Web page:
How to Clarify Cloudy Chicken Stock

I made some turkey stock yesterday, with my stash of frozen turkey bones from this stand-by recipe, and accidentally allowed the stock to boil while I was up in the loft, tending to the seedling garden. I had read somewhere that you should never let stock boil, as it emulsifies the fat, which causes the cloudiness, and since the fat is dissolved into the water of the stock, it will not separate out on cooling, and will not be sieved out with a cheesecloth strain. It did seem to be holding true for at least an hour, as it was simmering away, and was still quite translucent, until I remembered that I really needed to water the seedlings. So after some harumph-ing and a little swearing, Tai suggested that I “raft an egg white” on the stock to clarify it. (Sometimes his culinary training really does come in handy!) Of course, those weren’t the most specific technique directions in the world, so I got back on Ye Olde Internets and Googled “chicken stock cloudy egg white” et, voila!  Lots of advice from many more well-informed cooks than I. (I subsequently updated my Rich Chicken Stock recipe, which had called for a rolling boil!)

The technique is quite easy and the effect is actually rather cool-looking. Basically you combine an egg white with boiling, strained stock, and the albumin in the egg white acts like a vacuum for the solubilized fat, binding it and allowing it to be drawn out of the stock.  Science & cooking: I love it when my two worlds combine! I found that a little of the fat snuck through the sieve anyway (as it was hard to keep it from breaking up during the last straining), but I imagine if I wanted a crystal-clear stock I could repeat the process.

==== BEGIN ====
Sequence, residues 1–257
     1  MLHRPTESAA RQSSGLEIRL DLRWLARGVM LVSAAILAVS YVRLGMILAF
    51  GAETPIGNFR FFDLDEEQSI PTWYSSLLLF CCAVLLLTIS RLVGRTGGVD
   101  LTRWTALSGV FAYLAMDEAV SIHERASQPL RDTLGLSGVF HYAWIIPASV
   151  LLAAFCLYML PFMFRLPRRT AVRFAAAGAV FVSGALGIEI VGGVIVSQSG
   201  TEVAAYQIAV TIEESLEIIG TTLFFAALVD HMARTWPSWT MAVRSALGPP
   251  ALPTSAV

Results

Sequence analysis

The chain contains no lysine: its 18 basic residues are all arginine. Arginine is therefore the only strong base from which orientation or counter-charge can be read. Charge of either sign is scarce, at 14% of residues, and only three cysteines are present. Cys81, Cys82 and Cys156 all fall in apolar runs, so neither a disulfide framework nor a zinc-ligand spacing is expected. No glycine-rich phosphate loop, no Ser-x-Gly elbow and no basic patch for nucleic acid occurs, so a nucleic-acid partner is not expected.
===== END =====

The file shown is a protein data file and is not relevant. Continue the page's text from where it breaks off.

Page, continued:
I saw this advice, or variations thereof, on various sites, but I think the below formula was drawn from Chowhound.

————————————————————-

Clarifying Cloudy Stock

INGREDIENTS

For each quart of stock:

  • 2 tbsp cool water
  • 2 egg whites
  • crushed egg shell from 2 eggs
  • 1/2 tsp lemon juice

METHODS

  1. Strain the stock through several layers of cheesecloth to remove any bones, meat, etc. Clean the stockpot, and return the stock to the pot.
  2. Mix the ingredients together and add to the stock. Bring to a boil over high heat, then remove from heat, covered, and allow to rest for 15 minutes.
  3. Strain once more through rinsed cheesecloth, taking care to pour slowly and carefully such that the fat does not re-solubilize. Update: Tai says that you can make a tube out of doubled-up tinfoil, slide egg/fat bits out of the way of the tube, push it to the bottom of the pan, and then ladle the stock up through the tube to keep the egg/fat from breaking apart back into the stock. Store as per stock recipe.
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32 comments

  1. Kim

    Oh my god! So THAT’s why my beef stock I made recently is cloudy. I just figured, oh thats what homemade stock looks like. I couldn’t believe how little fat there was on top of it. NOW i know that it’s emulsified. Do you think you can do this with frozen stock?